doing enough to adapt”
(Prof. Dr. Colin B. Grant, Vice President (International),
University of Southampton, University Presidential forum
2017)

86
Fourth Industrial Revolution Challenges - 2

• “create an enabling environment for learners, academics and practitioners


to break barriers, imagine, innovate, create, and collaborate;
• develop a 4.0-ready ecosystem fitting to institutional contexts;
• stimulate greater human connectivity through the exchange of students
and staff, which is enabled through global and regional networks, and
consortium of higher education institutions;
• incorporate spiritual values, ethics and morality, national identity and a
sense of connection to the community, through curriculum delivery and
technology transfer; and
• be mindful of the benefits and risks brought about by the 4th Industrial
Revolution. “
(Wahid Omar, Vice Chancellor UTM, University Presidential forum 2017)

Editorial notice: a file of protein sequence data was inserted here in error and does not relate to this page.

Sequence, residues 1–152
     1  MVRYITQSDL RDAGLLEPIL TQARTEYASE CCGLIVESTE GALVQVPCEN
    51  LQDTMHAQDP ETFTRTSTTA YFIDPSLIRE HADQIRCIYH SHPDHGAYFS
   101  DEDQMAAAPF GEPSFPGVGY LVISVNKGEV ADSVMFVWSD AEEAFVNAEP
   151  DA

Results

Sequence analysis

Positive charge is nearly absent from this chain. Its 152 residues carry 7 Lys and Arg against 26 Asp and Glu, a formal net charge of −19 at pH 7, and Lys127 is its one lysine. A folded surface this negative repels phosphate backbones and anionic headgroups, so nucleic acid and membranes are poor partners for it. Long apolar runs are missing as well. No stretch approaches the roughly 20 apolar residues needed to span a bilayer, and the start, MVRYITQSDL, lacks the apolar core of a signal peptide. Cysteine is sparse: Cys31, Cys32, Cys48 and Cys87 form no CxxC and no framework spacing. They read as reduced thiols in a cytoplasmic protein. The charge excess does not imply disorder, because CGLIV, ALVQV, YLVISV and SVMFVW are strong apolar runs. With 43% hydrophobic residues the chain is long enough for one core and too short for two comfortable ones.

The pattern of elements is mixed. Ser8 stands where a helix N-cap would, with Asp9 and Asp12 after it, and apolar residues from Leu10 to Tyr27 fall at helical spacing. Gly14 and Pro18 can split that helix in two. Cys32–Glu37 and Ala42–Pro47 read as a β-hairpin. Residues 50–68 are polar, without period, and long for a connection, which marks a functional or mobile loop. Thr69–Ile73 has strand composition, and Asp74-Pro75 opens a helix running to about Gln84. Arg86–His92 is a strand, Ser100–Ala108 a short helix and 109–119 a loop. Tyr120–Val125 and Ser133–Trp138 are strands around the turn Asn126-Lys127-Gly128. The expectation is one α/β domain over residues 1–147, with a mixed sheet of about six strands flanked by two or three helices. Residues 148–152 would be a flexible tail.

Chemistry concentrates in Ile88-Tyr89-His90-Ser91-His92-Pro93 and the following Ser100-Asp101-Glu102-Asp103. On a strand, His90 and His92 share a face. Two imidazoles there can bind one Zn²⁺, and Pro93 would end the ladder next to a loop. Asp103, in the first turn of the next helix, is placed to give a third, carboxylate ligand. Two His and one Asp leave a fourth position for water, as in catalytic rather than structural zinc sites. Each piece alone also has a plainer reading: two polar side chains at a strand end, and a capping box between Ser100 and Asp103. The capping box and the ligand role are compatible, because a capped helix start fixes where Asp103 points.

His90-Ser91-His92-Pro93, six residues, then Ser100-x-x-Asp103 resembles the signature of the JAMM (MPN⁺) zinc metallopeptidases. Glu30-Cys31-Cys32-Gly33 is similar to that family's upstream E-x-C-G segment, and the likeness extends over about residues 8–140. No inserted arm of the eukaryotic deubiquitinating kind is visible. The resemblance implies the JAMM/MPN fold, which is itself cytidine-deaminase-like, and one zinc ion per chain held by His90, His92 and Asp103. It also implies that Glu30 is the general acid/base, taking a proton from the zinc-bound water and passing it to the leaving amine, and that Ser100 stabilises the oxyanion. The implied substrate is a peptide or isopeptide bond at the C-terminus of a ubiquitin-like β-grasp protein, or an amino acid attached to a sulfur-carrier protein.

87
Fourth Industrial Revolution Challenges - 3

Create
HUMAN- MyHE 4.0 Challenges
Itemize the MACHINE
values in Partnership
Blueprint Unravel the
Produce QALB
Holistic
Graduates
Intensify
with Multiple
Digital Thrust
Intelligence

SPEED in
Develop CHALLENGES Agile
NEOTERIC
ACADEMIA Governance
 Speed
 Learn, Unlearn,  Productive
Relearn, Unskill, reskill  Efficient
 Engage in Teaching-  Effective
Research Nexus  Delivery

(Datin Paduka Ir. Dr. Siti Hamisah Tapsir, , University Presidential forum 2017)
Fourth Industrial Revolution Challenges - 4
Lack of digital culture and training is the biggest challenge facing companies

Source: 2016 Global Industry 4.0 Survey - www.pwc.com/industry40


89
Conclusions and future
outlook
Conclusions and future outlook

• Digital disruptions are happening every single day. We


need to preserve our core values, ethical principles and
Malaysian identity as we embrace the Fourth Industrial
Revolution.
• Innovation amongst Malaysian universities is key
competitive factor of Digital Transformation in IR 4.0
• Higher Education leaders should exploit the potential
opportunities brought by the IR4.0 with much responsibility
and wisdom, by providing digital leadership for their
institutions.
91
Conclusions and future outlook

• Technologies brought forth in the 4th IR if wrongly used


could easily lead us astray from our culture, core values
and identity that Malaysia is proud of.
• Thus, it is important for Malaysia to provide a Code of
Ethics and Responsible Conduct to guide institutions and
individuals in their exploration of these 4thIR technologies.
Terima Kasih

Thank You